Can I Use a Private Reverse Mortgage to Pay for My Mother’s Care?

 In Long-Term Care Planning, Real Estate

Photo by Andreea Popa on Unsplash


I am my mother’s primary caretaker, and my sister and I pay a friend to care for my mother several hours a week when I am not home. (I reside with my mother.) I will be returning to work at the end of August and my friend will care for her. Since we will not have the money to pay for all the additional hours, one of my sisters suggested a reverse mortgage. Please keep in mind I am not 62 or over. With that being said, I read briefly online about the private reverse mortgage. There is not much information about this type of reverse mortgage online, which leaves me with a number of questions:

  1. What is the minimum age to obtain a private reverse mortgage? I will turn 60 in October. (The title of my mother’s house is under my name and there is no mortgage.)
  2. What is the interest rate?
  3. Are there any additional fees or costs?
  4. Would the loan have to be paid back through the sale of the home? So, after the passing of my mother, would I have to sell the home? If I wanted to remain in the home after my mother’s death and wait to pay back the loan until I sold the house, would the loan continue to incur interest?


A private reverse mortgage is really just a form of a private loan secured by a mortgage. So, if your friend is willing to postpone payment for her services, you can give her a promissory note—a form of IOU—secured by a mortgage on the house and make it payable upon your mother’s death or upon your sale of the house. If your sisters are paying your friend, the same terms apply. You could sign a promissory note and mortgage to them. You could pay them off when you sell the house or take out a new mortgage or line of credit with a bank to do so. You don’t need to comply with all the other rules around commercial reverse mortgages. In your case, since this involves payment for services, you and your friend should also enter into a written agreement describing the work she will do and her compensation so that no misunderstandings arise in the future.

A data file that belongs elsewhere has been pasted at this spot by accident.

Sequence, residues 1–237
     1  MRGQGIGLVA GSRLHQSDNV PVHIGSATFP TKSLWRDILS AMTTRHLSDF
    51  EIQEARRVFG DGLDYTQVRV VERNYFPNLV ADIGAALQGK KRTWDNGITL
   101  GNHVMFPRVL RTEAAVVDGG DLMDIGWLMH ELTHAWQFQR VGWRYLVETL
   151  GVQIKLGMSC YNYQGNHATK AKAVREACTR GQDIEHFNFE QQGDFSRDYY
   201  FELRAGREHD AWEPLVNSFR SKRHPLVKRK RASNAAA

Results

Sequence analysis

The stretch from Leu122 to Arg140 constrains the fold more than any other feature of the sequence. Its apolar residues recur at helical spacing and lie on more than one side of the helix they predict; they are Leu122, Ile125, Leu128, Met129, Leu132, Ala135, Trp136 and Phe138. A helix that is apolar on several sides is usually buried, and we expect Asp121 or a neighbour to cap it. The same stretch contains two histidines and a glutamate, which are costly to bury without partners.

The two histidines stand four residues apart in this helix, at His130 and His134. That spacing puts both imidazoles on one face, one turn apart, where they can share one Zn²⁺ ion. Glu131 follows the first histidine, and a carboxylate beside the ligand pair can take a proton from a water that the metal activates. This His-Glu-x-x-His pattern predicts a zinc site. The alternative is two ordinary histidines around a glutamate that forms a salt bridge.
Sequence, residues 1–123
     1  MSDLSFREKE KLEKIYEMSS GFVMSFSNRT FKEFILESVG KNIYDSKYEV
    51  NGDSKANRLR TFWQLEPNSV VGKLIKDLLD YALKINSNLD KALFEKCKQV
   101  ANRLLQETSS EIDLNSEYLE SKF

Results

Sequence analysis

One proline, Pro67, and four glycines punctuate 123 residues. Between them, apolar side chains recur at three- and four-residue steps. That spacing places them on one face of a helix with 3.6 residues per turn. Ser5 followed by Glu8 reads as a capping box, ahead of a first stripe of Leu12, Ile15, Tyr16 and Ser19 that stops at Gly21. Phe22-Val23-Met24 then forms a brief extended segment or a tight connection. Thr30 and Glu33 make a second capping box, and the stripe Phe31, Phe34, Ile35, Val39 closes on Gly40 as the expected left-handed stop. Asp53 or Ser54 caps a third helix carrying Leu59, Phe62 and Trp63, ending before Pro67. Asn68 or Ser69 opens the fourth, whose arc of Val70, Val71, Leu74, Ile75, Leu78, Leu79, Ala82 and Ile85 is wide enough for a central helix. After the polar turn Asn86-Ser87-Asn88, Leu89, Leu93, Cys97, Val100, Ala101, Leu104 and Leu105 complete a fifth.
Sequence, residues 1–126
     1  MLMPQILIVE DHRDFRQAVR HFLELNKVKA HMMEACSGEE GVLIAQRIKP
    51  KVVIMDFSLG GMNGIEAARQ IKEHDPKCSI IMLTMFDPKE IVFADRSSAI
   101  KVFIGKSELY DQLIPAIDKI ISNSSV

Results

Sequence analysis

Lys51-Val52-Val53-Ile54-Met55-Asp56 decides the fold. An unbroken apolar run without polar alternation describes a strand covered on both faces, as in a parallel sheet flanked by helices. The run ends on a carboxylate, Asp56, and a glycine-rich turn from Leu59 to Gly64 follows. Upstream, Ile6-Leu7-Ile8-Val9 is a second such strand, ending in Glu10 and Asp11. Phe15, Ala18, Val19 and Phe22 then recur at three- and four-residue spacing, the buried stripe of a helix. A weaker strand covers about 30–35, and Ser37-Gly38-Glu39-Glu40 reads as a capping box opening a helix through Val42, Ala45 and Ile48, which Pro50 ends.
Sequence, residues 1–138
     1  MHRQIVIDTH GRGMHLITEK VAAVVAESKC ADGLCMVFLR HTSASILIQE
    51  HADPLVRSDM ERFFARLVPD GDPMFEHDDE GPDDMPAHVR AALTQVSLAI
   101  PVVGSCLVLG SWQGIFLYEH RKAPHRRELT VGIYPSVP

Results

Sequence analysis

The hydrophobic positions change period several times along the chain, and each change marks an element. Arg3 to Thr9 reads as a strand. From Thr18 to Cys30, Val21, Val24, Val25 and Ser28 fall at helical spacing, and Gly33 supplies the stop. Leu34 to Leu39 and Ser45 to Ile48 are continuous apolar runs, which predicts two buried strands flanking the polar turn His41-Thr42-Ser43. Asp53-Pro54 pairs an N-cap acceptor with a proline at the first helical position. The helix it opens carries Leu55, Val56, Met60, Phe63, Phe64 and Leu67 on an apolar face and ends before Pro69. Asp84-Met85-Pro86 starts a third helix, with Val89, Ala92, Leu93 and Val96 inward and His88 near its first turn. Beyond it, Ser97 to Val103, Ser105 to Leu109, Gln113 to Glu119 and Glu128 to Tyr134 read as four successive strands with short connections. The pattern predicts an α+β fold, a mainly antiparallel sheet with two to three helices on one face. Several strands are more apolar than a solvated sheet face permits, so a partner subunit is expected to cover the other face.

To answer your specific questions:

  1. There’s no minimum age.
  2. Interest rates are very low at the moment. Typically for these “friendly” loans, parties use the “AFR” set each month by the Internal Revenue Service. As of this writing, long-term rates are 1.12% per year, down from 2.07% at the beginning of the year.
  3. The only additional costs are what you would pay an attorney to draw up the papers.
  4. When you pay back the loan is up to your agreement. But it’s only fair that the interest continue to accrue and, in fact, compound, since whoever the lender is, she’ll be without the use of the funds during this period of time. In addition, given the current low interest rates, the cost to you would not be too extreme.

Given the lower interest rate and lower expenses, a private reverse mortgage can be significantly less expensive than a commercial one.

Related Articles:

Can We Turn Over Mom’s House to Reverse Mortgage Company?

Will Surrender of House to Reverse Mortgage Company Cause Problem with Medicaid?

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